This study investigated links between three forms of perfectionism and beliefs associated with fear of failure (FF). College students (N = 372) enrolled in physical activity classes completed the Multidimensional Perfectionism Scale and Performance Failure Appraisal Inventory in a single session. After controlling for other forms of perfectionism, only socially prescribed perfectionism (SPP) was strongly associated with beliefs that failure led to aversive interpersonal consequences (i.e., important others losing interest, upsetting important others). Other-oriented perfectionism (OOP) exhibited a weak negative relation with beliefs that failure would lead to devaluation of one's self-estimate; individuals who held the highest standards for others' behavior had the weakest beliefs that failure would lead to them devaluing their self-estimate. Self-oriented perfectionism (SOP) was not associated with any beliefs that failure led to aversive consequences; however, when SOP and OOP were simultaneously elevated, they contributed positively to fears of experiencing shame and embarrassment (above and beyond main effects of SPP). Collectively these findings indicated that FF was not ubiquitous with all forms of perfectionism because the specific beliefs about the consequences of failure that underlie different forms of perfectionism varied tremendously.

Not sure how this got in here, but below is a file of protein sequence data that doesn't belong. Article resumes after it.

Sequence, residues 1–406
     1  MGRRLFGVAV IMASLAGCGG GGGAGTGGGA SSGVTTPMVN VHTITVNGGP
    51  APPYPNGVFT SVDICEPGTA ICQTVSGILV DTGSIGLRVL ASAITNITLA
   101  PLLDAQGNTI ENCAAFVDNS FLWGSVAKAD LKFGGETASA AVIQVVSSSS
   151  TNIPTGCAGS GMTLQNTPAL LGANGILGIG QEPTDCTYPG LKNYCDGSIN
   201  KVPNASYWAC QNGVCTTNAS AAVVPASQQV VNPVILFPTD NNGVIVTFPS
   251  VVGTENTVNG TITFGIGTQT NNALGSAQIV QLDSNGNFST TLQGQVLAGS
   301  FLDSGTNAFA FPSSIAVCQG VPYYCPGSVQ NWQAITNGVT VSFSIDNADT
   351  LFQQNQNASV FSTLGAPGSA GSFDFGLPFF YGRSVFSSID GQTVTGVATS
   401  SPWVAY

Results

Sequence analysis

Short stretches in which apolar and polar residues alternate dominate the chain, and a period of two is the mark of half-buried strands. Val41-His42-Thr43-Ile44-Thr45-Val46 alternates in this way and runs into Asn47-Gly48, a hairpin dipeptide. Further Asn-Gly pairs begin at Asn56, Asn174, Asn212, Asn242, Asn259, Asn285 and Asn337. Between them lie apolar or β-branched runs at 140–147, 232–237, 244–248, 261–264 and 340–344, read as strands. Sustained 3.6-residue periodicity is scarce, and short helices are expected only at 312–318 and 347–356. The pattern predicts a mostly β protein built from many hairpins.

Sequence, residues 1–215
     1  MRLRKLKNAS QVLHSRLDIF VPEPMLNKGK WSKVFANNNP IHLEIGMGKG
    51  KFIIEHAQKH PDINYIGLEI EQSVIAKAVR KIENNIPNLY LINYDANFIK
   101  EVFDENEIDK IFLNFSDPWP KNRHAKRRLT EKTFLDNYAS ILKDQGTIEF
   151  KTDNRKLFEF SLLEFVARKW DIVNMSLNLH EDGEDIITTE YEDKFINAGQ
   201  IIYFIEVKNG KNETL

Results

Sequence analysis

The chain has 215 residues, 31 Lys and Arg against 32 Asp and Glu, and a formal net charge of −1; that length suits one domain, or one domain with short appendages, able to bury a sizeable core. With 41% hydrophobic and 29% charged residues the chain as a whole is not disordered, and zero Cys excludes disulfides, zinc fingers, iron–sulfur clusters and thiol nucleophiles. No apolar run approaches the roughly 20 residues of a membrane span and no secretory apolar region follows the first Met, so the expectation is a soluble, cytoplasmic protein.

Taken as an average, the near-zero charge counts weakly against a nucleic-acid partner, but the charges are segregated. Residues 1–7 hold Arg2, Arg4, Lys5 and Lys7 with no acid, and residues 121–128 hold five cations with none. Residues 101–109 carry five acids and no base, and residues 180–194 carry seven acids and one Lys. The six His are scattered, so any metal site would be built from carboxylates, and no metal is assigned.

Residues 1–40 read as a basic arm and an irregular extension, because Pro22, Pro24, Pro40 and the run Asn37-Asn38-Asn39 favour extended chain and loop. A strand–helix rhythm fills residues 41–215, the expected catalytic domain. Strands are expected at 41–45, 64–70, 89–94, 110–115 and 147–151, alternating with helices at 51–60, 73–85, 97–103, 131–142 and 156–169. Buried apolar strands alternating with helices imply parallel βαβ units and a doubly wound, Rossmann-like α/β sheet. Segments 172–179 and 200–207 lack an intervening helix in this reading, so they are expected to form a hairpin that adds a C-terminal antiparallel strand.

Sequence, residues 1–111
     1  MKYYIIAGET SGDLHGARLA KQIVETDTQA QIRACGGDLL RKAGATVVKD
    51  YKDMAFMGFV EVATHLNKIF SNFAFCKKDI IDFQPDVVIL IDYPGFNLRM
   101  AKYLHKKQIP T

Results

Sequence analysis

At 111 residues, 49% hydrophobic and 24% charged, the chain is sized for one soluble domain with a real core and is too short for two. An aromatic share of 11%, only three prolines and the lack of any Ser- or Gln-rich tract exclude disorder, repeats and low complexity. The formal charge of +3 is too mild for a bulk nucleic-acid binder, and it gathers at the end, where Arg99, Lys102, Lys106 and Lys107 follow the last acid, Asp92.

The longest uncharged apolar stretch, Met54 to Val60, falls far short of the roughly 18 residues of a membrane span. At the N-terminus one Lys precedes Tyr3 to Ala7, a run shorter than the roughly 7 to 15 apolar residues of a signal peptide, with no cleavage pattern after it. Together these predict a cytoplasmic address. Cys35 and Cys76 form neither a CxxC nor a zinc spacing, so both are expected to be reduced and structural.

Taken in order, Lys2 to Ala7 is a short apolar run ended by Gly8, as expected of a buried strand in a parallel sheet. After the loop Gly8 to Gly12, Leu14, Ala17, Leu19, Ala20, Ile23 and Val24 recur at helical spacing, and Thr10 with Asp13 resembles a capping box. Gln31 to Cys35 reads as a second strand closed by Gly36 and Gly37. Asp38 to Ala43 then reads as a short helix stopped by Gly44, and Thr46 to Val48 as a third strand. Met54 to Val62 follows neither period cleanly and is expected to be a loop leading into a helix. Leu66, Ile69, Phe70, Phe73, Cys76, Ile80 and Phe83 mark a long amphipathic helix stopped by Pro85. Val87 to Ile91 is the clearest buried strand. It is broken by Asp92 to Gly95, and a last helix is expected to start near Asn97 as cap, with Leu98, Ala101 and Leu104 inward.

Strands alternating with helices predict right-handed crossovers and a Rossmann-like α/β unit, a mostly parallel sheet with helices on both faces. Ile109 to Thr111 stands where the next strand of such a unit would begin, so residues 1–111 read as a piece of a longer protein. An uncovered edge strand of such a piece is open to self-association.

|Number of pages
|Journal of Rational - Emotive and Cognitive - Behavior Therapy
|Published - Dec 2007
All Science Journal Classification (ASJC) codes
- Experimental and Cognitive Psychology
- Clinical Psychology